Steve Jobs' Greatest Technology Contributions
Apple co-founder Steve Jobs died Wednesday (Oct. 5) at age 56 after a long battle with pancreatic cancer. Jobs was one of the giants of the information age, and his influence will be felt for decades to come.
Here's a brief rundown of some of his greatest contributions to our increasingly tech-savvy and interconnected global society. [Read: "Internet Mourns Steve Jobs’ Death"]
The Apple II
Computers had been around for decades before Jobs came onto the scene, but they were primarily expensive machines used for business purposes.
Things began to change when Jobs and Steve Wozniak founded Apple Computers Inc. in 1976. A year later, the pair released the Apple II, the world's first mass-market personal computer. Dens, home offices and schools around the world would never be the same.
Under Jobs' leadership, Apple introduced the all-in-one iMac computer in 1998. The iMac looked steadfastly toward the future, becoming the first machine to eschew a floppy-disk drive (it offered only a CD-ROM slot). It was also marketed as being Internet-ready out of the box.
The iMac also drew notice for its stylishness, a recurring theme during Jobs' tenure at Apple. The iMac was sleek with rounded contours, and it came in an assortment of bright colors — quite a departure from Apple's previous desktops, which were drab, beige and boxy.
Jobs was ousted as Apple CEO in 1985 after a power struggle with the company's board of directors. While he was gone, Apple introduced its high-end, business-friendly Powerbook laptop line in 1991.
Shortly after Jobs returned to Apple in 1997, the company released a cheaper, more consumer-friendly laptop. The iBook, introduced in 1999, came with Wi-Fi technology and included some style updates as well. It came in two colors — tangerine and blueberry — and had a unique clamshell design.
Apple didn't invent the portable mp3 player, but the company developed a version so good that it came to dominate and define the field.
The iPod, first introduced in 2001, was so successful that its name has become synonymous with mp3 players, the way we call all tissues "Kleenex." Like other Apple products, the iPod was sleek, simple and stylish, with thousands of songs just a wheel-spin away.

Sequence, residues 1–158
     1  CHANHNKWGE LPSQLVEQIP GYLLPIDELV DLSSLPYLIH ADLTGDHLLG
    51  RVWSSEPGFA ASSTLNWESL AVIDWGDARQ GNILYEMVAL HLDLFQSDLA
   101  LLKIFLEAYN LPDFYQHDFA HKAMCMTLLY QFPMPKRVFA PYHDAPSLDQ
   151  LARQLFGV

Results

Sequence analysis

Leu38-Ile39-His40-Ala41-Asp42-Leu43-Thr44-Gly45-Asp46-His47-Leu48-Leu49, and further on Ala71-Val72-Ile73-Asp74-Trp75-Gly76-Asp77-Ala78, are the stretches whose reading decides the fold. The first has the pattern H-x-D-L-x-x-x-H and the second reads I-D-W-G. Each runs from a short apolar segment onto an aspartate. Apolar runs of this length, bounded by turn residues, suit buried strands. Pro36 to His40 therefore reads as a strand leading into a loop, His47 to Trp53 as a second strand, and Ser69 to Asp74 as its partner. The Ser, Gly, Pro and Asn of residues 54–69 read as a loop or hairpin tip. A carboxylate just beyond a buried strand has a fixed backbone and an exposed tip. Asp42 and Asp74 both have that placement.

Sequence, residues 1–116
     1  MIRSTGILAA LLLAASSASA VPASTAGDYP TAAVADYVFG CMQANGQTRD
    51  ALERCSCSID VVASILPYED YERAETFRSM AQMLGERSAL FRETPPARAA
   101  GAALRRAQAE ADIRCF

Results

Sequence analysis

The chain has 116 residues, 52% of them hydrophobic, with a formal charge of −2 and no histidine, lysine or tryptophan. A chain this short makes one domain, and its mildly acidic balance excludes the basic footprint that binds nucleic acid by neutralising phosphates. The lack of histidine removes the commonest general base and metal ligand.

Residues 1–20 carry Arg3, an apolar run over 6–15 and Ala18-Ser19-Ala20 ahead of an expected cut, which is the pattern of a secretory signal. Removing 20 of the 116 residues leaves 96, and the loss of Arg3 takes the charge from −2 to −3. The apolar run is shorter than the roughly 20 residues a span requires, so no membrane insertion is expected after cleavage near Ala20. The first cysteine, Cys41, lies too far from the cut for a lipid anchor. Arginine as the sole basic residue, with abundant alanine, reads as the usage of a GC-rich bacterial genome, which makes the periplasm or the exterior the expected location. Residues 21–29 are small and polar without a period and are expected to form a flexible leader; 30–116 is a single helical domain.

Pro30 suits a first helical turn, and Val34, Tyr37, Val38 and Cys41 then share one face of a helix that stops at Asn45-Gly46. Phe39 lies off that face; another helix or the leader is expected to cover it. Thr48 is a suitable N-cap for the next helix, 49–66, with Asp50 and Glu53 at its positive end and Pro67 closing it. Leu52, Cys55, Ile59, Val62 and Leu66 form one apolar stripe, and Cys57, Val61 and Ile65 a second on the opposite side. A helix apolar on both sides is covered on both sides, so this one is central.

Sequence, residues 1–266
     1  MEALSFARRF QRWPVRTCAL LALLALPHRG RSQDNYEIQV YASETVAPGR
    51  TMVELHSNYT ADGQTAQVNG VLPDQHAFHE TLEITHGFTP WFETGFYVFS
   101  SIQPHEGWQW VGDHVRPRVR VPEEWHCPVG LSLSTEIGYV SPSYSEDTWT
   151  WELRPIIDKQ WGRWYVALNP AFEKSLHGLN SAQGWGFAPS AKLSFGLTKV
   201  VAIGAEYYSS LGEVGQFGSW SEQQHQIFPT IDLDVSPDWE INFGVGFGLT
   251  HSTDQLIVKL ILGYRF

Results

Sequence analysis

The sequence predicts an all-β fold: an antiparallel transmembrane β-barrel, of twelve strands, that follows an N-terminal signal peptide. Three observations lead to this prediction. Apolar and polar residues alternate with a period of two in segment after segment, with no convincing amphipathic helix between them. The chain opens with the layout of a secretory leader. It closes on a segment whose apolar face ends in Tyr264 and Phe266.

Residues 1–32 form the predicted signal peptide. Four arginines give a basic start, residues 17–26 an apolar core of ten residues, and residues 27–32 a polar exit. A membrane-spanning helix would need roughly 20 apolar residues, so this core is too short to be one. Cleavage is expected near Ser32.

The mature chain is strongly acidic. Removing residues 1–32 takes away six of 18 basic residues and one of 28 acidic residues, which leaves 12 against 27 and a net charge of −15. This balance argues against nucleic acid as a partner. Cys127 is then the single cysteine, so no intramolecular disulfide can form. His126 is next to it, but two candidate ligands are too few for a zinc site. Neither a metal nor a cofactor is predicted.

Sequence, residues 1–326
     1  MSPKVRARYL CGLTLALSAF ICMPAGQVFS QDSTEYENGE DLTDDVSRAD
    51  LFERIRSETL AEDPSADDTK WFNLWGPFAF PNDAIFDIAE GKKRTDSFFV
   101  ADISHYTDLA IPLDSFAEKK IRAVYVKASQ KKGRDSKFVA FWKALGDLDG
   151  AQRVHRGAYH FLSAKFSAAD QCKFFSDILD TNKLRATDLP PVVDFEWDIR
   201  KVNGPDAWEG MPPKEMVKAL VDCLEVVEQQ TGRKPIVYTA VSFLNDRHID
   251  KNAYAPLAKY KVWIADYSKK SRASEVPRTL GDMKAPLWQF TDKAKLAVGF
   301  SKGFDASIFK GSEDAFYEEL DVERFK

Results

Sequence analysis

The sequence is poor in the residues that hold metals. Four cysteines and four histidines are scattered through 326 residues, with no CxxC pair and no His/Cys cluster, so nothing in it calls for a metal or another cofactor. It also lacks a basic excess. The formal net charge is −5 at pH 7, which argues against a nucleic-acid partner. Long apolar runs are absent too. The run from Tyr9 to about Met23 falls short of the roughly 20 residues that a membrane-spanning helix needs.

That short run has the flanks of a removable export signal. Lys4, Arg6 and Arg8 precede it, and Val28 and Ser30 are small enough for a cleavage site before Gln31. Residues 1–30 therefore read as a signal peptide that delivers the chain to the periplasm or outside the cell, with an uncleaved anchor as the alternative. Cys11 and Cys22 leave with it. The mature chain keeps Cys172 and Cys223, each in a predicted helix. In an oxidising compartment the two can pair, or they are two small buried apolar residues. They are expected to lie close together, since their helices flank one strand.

The iPod wouldn't have been such a smash without the help of other products backing it up. Chief among these was the media-player program iTunes, which Apple also introduced in 2001.
iTunes let people play and organize digital music and video files, both on their computers and on portable devices such as iPods and iPhones. The software forever changed the way people acquired and listened to music — especially after Apple launched the online iTunes Music Store in 2003.
The introduction of the iPhone in 2007 had a seismic effect on the smartphone industry that reverberates to this day. Before the iPhone, smartphones were used primarily for chatting and emailing; now they are web-surfing, do-everything machines packed full of useful (and, often, time-wasting) apps.
Every year, tech geeks around the world salivate and speculate about the introduction of a new iPhone version, like this year's iPhone 4S.
By 2010, Steve Jobs was confident the world was ready to embrace a new type of device — a tablet computer that would be great for watching movies and playing games, but less so for cranking out reports and term papers.
He was right. The touch-sensitive iPad, which lacked a keyboard and USB port, was an instant success after its 2010 introduction. Apple sold 15 million of the devices that year and is on pace to move more than 40 million this year.
The glass staircases
In a nod to the premium Apple places on stylish design, some of the company's flagship stores around the world have glass staircases to draw customers' eyes, and wallets, upstairs.
The glass staircase incorporates some novel engineering and architectural feats. It was awarded a design patent in 2002 (with Jobs' name coming first on the document), as well as a technical patent to cover the glass and hardware systems involved.
The first glass staircases were straightforward up-and-down jobs, but some stores now have free-standing, wall-mounted or spiral versions.